(A687, Revised Aug. 2019)
This publication talks about growing buckwheat in North Dakota, from the adaption, rotation, variety selection and seeding to fertilizing, harvesting and marketing the crop. It also includes information on pests, weed control, and the average yield from different locations across the state.
Hans Kandel, Agronomist, NDSU Extension
Buckwheat is a psuedo-cereal used for human food. It belongs to the Polygonaceae family of plants.
The species of buckwheat grown commercially for food in the U.S. is “Fagopyrum sagittatum.” This crop was grown in China before 1000 A.D. It was introduced in Europe in the 15th century and the U.S. in the 17th century. The name buckwheat originated from the Anglo-Saxon words boc (beech) and whoet (wheat). The three-sided angular seed resembles a small beechnut.
Buckwheat grows best in a cool, moist climate under a wide range of soil conditions. It is sensitive to spring and fall frost, high temperatures, drying winds and drought.
Stress factors can reduce yield, especially if they occur during the blooming period. Wind, heavy rainfall and excessive soil nitrogen can cause buckwheat to lodge, which makes it difficult to harvest and may result in yield loss.
Buckwheat should be planted when the danger of spring frost has passed. It requires 10 to 12 weeks after planting to reach maturity.
Buckwheat has an indeterminate growth habit, with the top of the plant flowering while seed at the base of the plant already may be mature.
When planted on low-fertility soils, buckwheat may outperform most small grains. On high-fertility soils with good water-holding capacity, small grains are usually more productive.
Buckwheat has a taproot with numerous lateral roots that may extend to a depth of 3 to 4 feet. The root system is small, usually consisting of only 3% of the total plant weight, compared with 6 to 14% in cereal grains.
To produce good yields, adequate soil moisture must be available from early July through August, the time the crop is flowering and producing seed. Dry conditions, hot winds and other stress during bloom can reduce buckwheat yields drastically by causing high levels of flower and seed abortion.
Buckwheat flowers are self-sterile and require cross-pollination. Bees, other insects and wind are required to distribute pollen.
Buckwheat usually is not included in a regular rotation. It is a heavy feeder of mineral fertilizers, especially phosphate, and this should be considered in fertilizing the crop following buckwheat. Buckwheat stubble adds very little organic matter and leaves the soil loose and more subject to erosion than small grains, corn, soybean and/or field pea.
Avoid planting buckwheat on canola, mustard or sunflower ground because these crops readily produce volunteer plants that are impossible to control in growing buckwheat. Buckwheat drops seed readily before harvest and volunteer growth often occurs in the following crop.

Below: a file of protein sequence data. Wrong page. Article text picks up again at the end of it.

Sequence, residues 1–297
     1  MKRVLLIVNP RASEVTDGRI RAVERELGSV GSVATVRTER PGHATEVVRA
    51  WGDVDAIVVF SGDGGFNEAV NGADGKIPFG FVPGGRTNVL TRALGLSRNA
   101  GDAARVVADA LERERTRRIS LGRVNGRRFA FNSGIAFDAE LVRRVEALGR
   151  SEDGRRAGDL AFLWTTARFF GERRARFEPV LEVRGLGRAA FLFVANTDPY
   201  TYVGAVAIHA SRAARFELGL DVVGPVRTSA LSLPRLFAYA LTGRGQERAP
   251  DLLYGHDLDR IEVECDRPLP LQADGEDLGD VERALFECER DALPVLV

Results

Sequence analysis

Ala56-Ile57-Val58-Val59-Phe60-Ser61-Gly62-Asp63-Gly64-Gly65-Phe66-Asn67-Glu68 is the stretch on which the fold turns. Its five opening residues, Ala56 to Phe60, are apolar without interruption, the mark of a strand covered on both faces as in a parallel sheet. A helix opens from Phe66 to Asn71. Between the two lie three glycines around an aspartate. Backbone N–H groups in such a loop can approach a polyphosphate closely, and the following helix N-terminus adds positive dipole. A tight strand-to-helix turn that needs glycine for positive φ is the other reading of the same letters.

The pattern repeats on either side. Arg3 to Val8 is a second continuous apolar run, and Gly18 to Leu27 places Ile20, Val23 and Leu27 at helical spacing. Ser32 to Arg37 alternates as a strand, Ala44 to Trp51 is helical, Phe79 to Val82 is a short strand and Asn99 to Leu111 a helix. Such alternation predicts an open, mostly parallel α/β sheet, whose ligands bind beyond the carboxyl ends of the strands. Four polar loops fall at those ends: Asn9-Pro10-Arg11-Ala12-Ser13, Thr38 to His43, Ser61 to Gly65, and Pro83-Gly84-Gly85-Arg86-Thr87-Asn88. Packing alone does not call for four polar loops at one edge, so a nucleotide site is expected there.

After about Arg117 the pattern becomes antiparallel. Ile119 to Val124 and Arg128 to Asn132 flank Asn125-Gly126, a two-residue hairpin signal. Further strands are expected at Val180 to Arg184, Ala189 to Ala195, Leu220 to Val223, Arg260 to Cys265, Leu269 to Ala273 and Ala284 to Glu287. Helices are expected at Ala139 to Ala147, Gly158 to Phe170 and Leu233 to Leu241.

A grower should be careful to select a crop that has buckwheat-control options available. Several herbicides easily control volunteer buckwheat in small grain. Growers should select a crop following buckwheat for which these types of herbicides are labeled and can be used safely.
Disease problems rarely are encountered in buckwheat. As a precaution, however, a minimum of three years should be left between successive buckwheat crops in a rotation.
Producer selection of varieties (Table 1) often is controlled by the contracting company. These same companies also will supply the seed or a seed source for the purchase of high-quality seed. Because little breeding work or effort is being done on buckwheat, only a few varieties are available. Most of the buckwheat varieties are diploids.
Because buckwheat is cross-pollinated, variety designations may not be valid except in certified seed lots. Varieties developed in Canada and Europe also could be considered.
Buckwheat is established most easily on a well-prepared, firm seedbed similar to that for flax or other small-seeded crops. Early to mid-June planting permits adequate control of several weed seedling flushes prior to seeding.
Under good growing conditions, buckwheat will germinate and shade the ground quickly. Cultural control of weeds is important because few herbicides are labeled for weed control in buckwheat.
Date of Seeding
Young seedlings are very sensitive to frost, so seeding should be delayed until all danger of spring frost is past. Buckwheat seed germinates best when the soil temperature is about 80 F, but will germinate at any temperature between 45 F and 105 F. Seeding from May 25 to June 10 is suggested.
Uniform stands sometimes are hard to obtain due to cool soil temperatures. Seeding after May 25 in North Dakota allows additional time for weed control tillage and for soil to warm. Buckwheat seeding should be timed to allow plant growth to take place in warm weather and seed to form in the cool weather of late summer.
Any type of stress, especially at flowering, can result in a poor seed set. Delayed seeding, however, does increase the risk of fall frost damage. When seeding is delayed beyond mid-June, severe yield reductions may occur (Figure 1). Later dates of planting result in a shorter growth period, shorter plants, slightly lighter seed, lower bushel weights and reduced seed yield.
Rate and Depth of Seeding